The Arab Centre for the Independence of the Judiciary and the Legal Profession (ACIJLP) published its annual report entitled “An attack on justice in Egypt” on Tuesday evening. The report focuses on confrontations between the judicial, executive and legislative authorities, as well as violations regarding the independence of the judiciary.
The report begins by detailing the role of the judiciary and highlights the principle of the rule of law is ground in the independence of the judiciary. In this regard conflict between the executive branch of government, represented in President Mohamed Morsi and the judiciary, as well as an internal conflict within the judiciary, has “threatened the existence of the rule of law”.
ACIJLP said in their report that the judiciary must not be compromised, and that its members should be allowed to structure their own organisation “within the scope of freedom of assembly and free speech” according to international standards adopted by the United Nations.
The report mentions several infractions over the past year, which ACIJLP says amount to “the worst attack on the judiciary in 60 years,” adding that the current attempt at judicial reform by the government is “an attempt to control the judicial institution, not repair it”.
The judicial reform in question relates to Morsi’s removal of the previous Prosecutor General, replacing him with a new presidentially-appointed head without consulting the judiciary. By law the Supreme Judicial Council should pick three candidates for the top position, at which point the president must choose one of the three.
The report said 2012 was rife with prejudice towards the judiciary, including “threats to judges and their right to life in order to prevent them from carrying out their duties”.
Such threats include attacks on prosecutors by civilians, as well as the practice of referring civilians to military courts and Morsi’s decree last November, which placed his decisions above judicial scrutiny.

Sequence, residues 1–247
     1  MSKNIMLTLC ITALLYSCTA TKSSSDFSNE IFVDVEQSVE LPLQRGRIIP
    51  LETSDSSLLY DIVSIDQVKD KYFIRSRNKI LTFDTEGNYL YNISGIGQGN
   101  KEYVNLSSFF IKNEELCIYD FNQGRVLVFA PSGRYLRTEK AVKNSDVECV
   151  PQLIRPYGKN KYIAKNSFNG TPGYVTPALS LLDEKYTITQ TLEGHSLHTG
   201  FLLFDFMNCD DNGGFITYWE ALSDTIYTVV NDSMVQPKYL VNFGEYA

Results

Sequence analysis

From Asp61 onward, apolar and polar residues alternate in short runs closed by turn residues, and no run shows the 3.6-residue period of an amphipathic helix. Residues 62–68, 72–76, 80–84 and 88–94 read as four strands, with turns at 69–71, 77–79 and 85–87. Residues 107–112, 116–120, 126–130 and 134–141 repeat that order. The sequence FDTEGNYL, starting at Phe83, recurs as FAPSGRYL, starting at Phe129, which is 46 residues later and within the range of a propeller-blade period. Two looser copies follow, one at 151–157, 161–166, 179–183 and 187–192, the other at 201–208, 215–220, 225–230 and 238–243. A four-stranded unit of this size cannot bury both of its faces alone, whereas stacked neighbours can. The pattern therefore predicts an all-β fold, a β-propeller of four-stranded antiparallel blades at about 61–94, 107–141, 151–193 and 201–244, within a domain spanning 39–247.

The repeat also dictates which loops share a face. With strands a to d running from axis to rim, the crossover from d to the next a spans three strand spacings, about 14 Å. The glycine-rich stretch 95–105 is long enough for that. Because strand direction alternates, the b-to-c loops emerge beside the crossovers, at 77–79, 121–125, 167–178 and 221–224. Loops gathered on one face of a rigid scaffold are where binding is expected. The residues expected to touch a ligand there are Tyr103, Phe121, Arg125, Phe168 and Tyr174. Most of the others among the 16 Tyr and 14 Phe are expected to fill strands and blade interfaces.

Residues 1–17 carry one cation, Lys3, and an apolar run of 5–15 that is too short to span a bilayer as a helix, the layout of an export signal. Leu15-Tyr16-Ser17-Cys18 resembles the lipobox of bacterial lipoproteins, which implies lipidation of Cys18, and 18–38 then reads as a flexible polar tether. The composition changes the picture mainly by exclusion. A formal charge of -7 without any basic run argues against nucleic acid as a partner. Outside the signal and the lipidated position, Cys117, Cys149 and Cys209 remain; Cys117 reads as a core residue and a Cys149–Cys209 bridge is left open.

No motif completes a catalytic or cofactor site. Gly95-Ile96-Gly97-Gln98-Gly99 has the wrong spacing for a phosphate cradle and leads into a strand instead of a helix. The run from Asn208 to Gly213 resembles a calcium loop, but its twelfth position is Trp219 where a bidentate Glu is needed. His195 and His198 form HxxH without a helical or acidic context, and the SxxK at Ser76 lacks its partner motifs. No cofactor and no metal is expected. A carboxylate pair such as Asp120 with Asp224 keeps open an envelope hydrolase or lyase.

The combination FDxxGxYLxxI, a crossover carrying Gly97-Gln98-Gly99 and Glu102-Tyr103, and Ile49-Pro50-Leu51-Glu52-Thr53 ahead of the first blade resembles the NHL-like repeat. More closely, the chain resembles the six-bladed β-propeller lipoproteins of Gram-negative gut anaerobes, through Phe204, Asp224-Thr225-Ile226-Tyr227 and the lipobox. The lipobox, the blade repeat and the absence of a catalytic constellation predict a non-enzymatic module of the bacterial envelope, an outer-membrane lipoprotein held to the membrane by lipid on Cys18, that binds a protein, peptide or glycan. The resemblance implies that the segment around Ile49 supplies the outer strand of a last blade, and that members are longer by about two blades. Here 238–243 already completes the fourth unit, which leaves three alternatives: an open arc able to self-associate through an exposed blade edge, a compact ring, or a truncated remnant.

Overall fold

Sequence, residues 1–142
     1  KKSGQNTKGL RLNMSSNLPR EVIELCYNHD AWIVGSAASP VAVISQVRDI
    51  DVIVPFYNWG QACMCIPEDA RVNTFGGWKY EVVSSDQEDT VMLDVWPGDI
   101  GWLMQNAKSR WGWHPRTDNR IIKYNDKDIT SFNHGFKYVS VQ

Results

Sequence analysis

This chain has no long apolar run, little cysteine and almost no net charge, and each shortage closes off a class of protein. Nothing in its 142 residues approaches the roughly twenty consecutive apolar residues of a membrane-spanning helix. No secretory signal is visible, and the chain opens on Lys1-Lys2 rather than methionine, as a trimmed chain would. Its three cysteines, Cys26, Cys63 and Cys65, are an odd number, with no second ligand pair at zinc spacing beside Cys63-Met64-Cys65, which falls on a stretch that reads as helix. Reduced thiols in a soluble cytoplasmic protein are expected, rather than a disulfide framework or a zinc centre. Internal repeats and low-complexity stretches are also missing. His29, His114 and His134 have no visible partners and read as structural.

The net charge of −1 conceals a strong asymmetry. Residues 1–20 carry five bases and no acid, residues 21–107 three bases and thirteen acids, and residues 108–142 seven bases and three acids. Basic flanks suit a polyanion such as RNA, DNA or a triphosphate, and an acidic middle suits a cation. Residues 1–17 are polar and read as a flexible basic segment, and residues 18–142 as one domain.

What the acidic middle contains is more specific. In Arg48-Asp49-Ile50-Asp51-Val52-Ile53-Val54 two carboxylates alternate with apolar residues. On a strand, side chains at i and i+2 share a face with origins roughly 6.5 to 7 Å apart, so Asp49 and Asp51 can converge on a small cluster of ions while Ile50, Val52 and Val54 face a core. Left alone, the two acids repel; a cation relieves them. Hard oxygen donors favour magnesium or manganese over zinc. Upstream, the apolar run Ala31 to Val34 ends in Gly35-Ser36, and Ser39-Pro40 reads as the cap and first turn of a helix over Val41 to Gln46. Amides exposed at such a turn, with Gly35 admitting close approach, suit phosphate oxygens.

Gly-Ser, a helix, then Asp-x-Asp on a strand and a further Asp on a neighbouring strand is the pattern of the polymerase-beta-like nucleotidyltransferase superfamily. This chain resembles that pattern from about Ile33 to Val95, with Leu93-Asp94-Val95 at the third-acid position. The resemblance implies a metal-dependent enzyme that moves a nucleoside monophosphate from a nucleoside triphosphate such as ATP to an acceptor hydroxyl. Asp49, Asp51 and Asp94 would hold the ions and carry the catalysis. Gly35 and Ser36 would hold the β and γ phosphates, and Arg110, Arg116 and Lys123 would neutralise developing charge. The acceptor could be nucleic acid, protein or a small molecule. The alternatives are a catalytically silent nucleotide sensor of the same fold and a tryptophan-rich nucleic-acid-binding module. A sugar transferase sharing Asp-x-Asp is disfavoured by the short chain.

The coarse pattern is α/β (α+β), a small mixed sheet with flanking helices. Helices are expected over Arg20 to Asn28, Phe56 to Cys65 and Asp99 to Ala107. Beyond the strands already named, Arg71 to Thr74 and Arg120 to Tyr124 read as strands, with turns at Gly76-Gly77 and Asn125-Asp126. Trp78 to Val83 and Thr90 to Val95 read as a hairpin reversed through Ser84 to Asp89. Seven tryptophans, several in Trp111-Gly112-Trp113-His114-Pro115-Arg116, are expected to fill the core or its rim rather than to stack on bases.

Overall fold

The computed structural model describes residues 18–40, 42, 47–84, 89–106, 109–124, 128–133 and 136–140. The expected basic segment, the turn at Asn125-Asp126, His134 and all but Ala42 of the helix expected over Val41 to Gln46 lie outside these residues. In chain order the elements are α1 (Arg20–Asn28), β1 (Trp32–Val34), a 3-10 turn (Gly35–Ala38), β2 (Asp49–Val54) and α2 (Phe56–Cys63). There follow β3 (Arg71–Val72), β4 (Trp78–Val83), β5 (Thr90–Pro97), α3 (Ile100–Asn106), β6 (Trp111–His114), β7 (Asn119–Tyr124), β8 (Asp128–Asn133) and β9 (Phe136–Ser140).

To right such wrongs ACIJLP recommends steps be taken to repeal and amend all articles in the constitution dealing with judicial affairs. Such a move, ACIJLP said, would lead to the end of abuses the judiciary has suffered and would ensure its independence in accordance with international standards.
Other suggestions include giving the judiciary the power to determine the constitutionality of laws, recognising the competence of the Supreme Constitutional Court without exception, and the abolition of the president and the minister of justice’s authority over matters related to legal justice. “The role of the Ministry of Justice should be to coordinate between the executive and the judicial authorities,” the statement said.
ACIJLP also demands the immediate cessation of military trials for civilians and the removal of the current Prosecutor General Tala’at Abdallah to make way for the Supreme Judicial Council to follow the correct protocol.
Tharwat Bedawy, a former member of the Supreme Constitutional Court, disagreed with the ACIJLP report, saying the president was right to appoint Abdullah to the post. “The removal of the old Prosecutor General was one of the key demands of the revolution,” he said, adding that the Supreme Judicial Council had no right to field candidates.
Bedawy said attacks on the judiciary have been blown out of proportion.